Despite the American public’s reluctance to see greater U.S. involvement in the Middle East, the foreign policy attention of President Barack Obama’s second administration has been dominated largely by developments in that region. The worsening situation in Syria, the military coup in Egypt, a new round of peace negotiations between Israelis and Palestinians, and the election of a new Iranian president all loom large on the agenda. U.S. policy in the Middle East has also been affected by the increasingly independent activism of its long-time regional ally Turkey. With each of these issues, the Administration faces tough domestic challenges and conflicting expectations across the globe of U.S. leadership. President Obama has been pragmatic and cautious so far, seeking to give priority to the economic recovery at home and deepening trade and commercial relations with Asia and Europe through new free trade agreements.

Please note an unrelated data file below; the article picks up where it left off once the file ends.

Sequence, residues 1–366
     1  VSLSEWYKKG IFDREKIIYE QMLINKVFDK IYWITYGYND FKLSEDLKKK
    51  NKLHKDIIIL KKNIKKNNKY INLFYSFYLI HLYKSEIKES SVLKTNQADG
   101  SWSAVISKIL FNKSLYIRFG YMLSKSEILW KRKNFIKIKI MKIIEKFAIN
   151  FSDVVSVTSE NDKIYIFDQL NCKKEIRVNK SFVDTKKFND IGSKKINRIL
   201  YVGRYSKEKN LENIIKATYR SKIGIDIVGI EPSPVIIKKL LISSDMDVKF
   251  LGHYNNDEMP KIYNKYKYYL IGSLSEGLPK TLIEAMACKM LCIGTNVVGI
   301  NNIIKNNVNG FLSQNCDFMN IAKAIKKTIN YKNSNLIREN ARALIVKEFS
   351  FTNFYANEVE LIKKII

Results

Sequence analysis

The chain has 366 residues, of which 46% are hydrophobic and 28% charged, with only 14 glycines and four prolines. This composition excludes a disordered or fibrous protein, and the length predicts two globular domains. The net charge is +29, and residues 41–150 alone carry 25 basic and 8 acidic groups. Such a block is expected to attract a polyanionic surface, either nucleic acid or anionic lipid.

On October 11, the Center on the United States and Europe (CUSE) at Brookings hosted a discussion to explore U.S. global engagement, and the forces and actors shaping it. Panelists included Brookings Senior Fellow Robert Kagan, Senior Fellow and Director of the Saban Center for Middle East Policy Tamara Wittes, and Soli Özel of Kadir Has University. Brookings President Strobe Talbott and Muharrem Yılmaz, president of the Turkish Industry and Business Association (TUSIAD) made introductory remarks. Turkey Project Director and TUSIAD Senior Fellow Kemal Kirişci moderated the discussion.